Lighten your menus and lift the mood with exciting food that simply screams springtime! Chargrilled scallops with watercress & orange, spring lamb with asparagus and Jersey Royals...combinations that always impress.
recognised as the best apple for cooking, Bramley apples are unique because they contain a higher acid content and lower sugar levels to produce a stronger, tangier tasting apple whose flavour is retained when cooked, and whose texture literally melts in the mouth. Crumbles, pies, sponges, or simply baked with sugar and spice. Just add proper custard!
incredibly versatile with many culinary uses, rhubarb adds contrasting sharpness to cakes and desserts, and is the perfect pearly pink filling for pies and pastries. It also sets well in jams, is piquant in pickles, offers colour and its unique tang to sauces and can even be used to make wine.
Strawberries (late spring)
in addition to being utterly delicious, low in fat and calories, strawberries are naturally high in fibre, vitamin C, folate, potassium and antioxidants. Try them tossed into some lightly stewed sweetened rhubarb for a perfect springtime compote.
whether flat leaf or curly, parsley is a classic addition to so many British dishes – try adding lots to cod fish cakes and serve with a buttery hollandaise for a fresh spring treat. Parsley butter is great served over hot beef, cod or salmon.
Purple Sprouting Broccoli (early spring)
is delicious simply steamed with a little seasoning or combined with some fried garlic, lemon zest and toasted flaked almonds.
baby new carrots should be eaten raw or lightly steamed to preserve their sweetness. Serve whole, they add colour texture and bags of taste.
Kale (early spring)
is one of the few green vegetables that is more abundant and flavourful during the coldest months of the year. It can be substituted for cabbage or spinach and makes a fine side dish when blanched and sautéed with garlic (a little soy and a sprinkling of chopped, roasted nuts is a lovely addition). It also makes an excellent ingredient in hearty, warming soups such as Scotch Broth.
Cucumbers (late spring)
chilled soups, garlicky tzatziki, or Thai cucumber salad. Be creative –cucumbers can do more than adorn a plate or fill a sandwich.
Radishes (late spring)
add a fabulous crunch and crimson burst of colour to a salad or crudite selection. The French serve them raw, dipped in to sea salt.
Spring Onions (late spring)
can be used for so much more than just adding to your Peking Duck pancakes. When raw or very lightly cooked they impart a wonderfully vibrant yet mild flavour where normal onions would be overpowering. Make champ by folding chopped spring onions into creamy mashed potatoes - add some grated cheddar if you like. Or combine with ginger to form the soul of a number of classic Chinese and Japanese dishes.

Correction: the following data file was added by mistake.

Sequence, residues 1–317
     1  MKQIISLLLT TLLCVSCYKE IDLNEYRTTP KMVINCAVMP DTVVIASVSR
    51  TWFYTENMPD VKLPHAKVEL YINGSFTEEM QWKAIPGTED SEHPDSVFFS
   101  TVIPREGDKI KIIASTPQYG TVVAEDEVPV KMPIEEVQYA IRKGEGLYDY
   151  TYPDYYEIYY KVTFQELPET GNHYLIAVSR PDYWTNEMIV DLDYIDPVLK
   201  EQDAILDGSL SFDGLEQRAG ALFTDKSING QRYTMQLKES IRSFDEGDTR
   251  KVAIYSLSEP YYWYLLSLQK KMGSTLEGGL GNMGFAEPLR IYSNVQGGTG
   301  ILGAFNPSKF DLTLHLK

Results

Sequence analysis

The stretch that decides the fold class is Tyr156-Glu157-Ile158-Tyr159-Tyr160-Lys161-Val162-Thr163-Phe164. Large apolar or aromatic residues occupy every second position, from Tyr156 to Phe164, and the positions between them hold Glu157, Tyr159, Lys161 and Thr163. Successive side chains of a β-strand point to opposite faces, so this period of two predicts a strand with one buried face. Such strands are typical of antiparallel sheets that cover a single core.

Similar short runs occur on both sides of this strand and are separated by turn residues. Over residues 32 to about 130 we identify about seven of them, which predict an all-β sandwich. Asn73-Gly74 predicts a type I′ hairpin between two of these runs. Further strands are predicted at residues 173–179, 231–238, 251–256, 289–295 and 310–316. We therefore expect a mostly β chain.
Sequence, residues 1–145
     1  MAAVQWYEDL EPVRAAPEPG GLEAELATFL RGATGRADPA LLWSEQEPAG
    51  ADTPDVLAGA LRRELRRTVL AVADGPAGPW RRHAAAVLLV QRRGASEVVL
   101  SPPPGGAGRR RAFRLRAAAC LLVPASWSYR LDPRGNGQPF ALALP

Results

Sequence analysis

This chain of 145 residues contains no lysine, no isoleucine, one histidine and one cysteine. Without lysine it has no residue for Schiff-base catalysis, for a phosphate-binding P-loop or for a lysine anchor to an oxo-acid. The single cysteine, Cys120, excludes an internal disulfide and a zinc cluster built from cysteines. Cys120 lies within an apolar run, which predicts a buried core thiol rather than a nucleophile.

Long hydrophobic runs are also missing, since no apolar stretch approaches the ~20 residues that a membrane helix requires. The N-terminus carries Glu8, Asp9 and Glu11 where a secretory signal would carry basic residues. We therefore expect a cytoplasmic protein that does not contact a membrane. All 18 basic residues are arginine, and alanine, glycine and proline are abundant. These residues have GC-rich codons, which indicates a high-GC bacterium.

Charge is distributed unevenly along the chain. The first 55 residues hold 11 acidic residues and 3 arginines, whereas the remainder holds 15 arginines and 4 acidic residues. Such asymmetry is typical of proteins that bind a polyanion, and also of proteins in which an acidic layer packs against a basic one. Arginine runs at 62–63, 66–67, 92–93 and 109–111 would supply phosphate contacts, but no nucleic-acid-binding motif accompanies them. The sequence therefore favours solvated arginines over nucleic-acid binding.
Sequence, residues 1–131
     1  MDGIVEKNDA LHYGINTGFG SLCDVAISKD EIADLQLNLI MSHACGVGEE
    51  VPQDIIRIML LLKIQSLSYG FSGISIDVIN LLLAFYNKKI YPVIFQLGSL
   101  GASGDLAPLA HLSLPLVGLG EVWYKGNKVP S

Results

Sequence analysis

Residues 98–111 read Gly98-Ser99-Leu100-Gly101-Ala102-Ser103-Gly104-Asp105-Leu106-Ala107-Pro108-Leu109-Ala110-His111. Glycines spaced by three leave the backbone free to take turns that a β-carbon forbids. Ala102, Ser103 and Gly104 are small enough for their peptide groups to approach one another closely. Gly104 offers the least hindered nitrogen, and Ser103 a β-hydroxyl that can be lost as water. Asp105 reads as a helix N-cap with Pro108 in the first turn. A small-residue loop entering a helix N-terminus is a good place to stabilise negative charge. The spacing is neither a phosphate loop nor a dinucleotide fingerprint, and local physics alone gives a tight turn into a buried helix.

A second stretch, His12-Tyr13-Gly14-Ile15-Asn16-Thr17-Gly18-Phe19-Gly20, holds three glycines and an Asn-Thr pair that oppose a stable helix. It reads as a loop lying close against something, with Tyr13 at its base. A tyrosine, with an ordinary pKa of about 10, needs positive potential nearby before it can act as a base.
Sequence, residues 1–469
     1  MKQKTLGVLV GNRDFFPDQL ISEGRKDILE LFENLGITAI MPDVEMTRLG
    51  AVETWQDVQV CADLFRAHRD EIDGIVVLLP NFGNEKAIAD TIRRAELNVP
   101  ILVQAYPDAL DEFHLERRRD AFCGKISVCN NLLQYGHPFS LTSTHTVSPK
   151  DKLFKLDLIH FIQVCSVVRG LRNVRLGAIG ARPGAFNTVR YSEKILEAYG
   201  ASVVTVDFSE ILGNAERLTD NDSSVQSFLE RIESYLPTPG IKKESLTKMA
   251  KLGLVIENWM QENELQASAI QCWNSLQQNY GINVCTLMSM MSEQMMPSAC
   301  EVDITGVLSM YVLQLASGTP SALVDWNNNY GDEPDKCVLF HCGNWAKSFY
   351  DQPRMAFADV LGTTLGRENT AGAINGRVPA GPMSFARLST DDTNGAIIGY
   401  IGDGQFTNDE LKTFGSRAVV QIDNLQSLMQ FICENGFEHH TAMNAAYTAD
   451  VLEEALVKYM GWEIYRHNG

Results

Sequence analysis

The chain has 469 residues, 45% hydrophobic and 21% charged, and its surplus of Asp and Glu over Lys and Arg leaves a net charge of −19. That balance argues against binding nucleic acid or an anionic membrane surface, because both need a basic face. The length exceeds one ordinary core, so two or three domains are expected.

Asparagus (late spring)
seasonal fresh asparagus is a taste sensation. Its crisp stalks are primed with sugar which when grilled turn sweet and tender.
Watercress (late spring)
makes a fresh, colourful and highly nutritious soup. Serve hot or cold with a blob of crème fraîche and some snipped fresh chives.
supply is not particularly seasonal, but this is a great time while the days are still chilly, to try a classic roast with some really good apple sauce and crispy roast potatoes.
late spring is the perfect time for new season lamb. Spring lamb is milk fed and the animal is usually 3-5 months old when killed and is known for providing really tender meat. Best roasted or cooked fast, not ideal for slow braising.
is one of the most abundant fish found in large schools in the North Atlantic. They can be eaten raw, pickled, smoked or conventionally cooked. Quite delicious they are an excellent source of vitamin D and omega 3 oils.
is a rich source of omega 3 oils and quality protein. Coat in sesame seeds and grill until just cooked. Do not over cook or it will become dry.
is an excellent low fat source of quality protein. Use as the basis of a fish pie or fish cakes, poach in milk or simply steam. Add plenty of fresh parsley!
considered an aphrodisiac; really the only way to eat fresh oysters is raw with lemon and a dash of Tabasco sauce.
Clams & Cockles
are delicious steamed in a little stock, white wine and cream. Add plenty of parsley and toss through hot fresh pasta.
Mussels (early spring)
can be baked with a topping of garlicky breadcrumbs. This makes a change from moules moules marinière but try both whilst they are at their meatiest best.